Quest said patients impacted by the data breach will be notified.
AMCA first notified Quest of potential unauthorized activity May 14, according to the release.
Quest says it doesn't have complete information about how the leak happened yet, but it says in a statement that it "takes this matter very seriously and is committed to the privacy and security of patients' personal, medical and financial information".
AMCA believes the personal information includes financial data, Social Security numbers, and medical information.
Laboratory test results were not affected, Quest said.
Quest's stock was unchanged on the news.
Law enforcement has been notified and a cyber forensics firm has been hired to investigate the security incident. But today's disclosure by LabCorp. suggests we are nowhere near done hearing about other companies with millions of consumers victimized because of this incident: The AMCA is a NY company with a storied history of aggressively collecting debt for a broad range of businesses, including medical labs and hospitals, direct marketers, telecom companies, and state and local traffic/toll agencies.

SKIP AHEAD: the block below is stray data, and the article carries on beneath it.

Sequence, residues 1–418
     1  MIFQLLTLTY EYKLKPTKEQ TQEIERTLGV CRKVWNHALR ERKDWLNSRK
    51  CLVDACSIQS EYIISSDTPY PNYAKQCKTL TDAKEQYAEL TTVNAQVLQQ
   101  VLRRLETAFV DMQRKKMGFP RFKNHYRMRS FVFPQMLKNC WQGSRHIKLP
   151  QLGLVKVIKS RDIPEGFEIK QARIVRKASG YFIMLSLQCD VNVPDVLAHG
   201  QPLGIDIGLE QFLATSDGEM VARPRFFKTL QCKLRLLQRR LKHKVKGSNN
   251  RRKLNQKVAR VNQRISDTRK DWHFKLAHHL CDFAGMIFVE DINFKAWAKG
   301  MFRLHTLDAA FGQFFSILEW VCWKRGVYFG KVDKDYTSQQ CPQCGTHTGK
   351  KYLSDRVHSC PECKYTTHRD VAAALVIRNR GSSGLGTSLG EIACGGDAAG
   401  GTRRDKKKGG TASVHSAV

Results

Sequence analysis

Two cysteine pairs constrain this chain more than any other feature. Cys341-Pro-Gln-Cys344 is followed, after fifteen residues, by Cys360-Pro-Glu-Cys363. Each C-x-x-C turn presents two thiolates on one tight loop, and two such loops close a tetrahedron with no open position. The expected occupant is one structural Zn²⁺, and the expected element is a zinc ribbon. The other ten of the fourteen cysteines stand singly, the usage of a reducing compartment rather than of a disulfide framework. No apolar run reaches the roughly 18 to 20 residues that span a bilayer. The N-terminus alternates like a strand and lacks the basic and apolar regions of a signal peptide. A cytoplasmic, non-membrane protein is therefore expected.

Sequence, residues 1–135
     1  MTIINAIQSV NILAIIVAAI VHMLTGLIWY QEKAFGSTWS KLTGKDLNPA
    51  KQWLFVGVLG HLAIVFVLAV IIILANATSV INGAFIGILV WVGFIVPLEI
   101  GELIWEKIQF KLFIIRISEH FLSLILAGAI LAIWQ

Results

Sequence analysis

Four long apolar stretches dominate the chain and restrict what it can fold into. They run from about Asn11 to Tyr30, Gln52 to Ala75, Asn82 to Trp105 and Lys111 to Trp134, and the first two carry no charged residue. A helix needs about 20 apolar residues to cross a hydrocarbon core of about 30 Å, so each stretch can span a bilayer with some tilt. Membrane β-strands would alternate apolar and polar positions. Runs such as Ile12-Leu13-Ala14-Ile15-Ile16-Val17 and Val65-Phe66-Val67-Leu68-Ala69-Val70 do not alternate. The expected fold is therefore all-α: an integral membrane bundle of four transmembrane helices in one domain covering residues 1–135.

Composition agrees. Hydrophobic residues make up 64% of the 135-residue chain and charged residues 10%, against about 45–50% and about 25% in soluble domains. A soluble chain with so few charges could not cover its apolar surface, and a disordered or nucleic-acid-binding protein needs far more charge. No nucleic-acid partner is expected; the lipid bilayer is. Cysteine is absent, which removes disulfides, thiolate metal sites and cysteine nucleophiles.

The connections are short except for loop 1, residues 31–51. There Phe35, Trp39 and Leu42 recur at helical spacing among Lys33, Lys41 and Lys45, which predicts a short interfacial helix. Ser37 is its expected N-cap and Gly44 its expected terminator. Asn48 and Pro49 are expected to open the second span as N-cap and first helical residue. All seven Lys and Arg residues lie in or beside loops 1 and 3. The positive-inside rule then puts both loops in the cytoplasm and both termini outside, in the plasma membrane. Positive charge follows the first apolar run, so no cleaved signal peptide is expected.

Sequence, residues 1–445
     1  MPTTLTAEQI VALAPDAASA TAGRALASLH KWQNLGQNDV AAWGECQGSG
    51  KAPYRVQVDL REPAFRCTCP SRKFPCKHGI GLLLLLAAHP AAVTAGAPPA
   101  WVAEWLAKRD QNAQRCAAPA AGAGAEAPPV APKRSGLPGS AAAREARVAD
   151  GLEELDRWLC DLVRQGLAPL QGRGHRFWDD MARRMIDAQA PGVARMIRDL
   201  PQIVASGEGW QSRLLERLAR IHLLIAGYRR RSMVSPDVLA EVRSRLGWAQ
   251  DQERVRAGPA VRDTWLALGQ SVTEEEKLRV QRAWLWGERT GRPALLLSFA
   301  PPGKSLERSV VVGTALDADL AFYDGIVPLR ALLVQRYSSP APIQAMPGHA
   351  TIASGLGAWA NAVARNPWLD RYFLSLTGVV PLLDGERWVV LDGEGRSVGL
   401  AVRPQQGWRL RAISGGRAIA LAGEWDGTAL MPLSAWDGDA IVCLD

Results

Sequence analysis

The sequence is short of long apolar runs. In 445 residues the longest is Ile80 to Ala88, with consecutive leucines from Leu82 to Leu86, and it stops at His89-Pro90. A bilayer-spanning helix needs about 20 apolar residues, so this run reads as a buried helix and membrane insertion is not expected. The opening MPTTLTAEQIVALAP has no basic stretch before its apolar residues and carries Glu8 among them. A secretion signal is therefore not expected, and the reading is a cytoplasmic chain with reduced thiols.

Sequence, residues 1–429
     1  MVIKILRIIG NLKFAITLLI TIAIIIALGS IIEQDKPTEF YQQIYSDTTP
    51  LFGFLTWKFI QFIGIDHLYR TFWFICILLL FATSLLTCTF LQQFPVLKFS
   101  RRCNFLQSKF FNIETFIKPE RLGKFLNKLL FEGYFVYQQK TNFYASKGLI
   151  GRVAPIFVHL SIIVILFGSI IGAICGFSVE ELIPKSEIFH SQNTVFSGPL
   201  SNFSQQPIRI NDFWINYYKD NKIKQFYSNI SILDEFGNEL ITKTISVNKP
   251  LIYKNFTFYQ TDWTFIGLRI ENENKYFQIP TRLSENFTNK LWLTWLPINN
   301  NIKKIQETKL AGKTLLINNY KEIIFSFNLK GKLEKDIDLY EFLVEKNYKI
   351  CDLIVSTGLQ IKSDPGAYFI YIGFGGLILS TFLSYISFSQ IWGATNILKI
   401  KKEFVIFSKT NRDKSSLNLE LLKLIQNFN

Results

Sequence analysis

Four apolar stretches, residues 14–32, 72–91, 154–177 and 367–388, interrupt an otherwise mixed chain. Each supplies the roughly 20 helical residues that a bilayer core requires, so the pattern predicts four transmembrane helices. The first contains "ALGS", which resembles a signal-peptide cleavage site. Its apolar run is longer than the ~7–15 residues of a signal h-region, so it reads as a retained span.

Quest provides lab testing services to about half of the doctors and hospitals in the USA, according to securities filings.
Until more is known, Quest Diagnostics will stop using that data management provider and patients whose data was compromised will be contacted by the companies. The only data breach larger than the apparent one at Marriott occurred in 2013, when three billion user accounts at Yahoo were exposed, costing Yahoo $47 million in litigation expenses.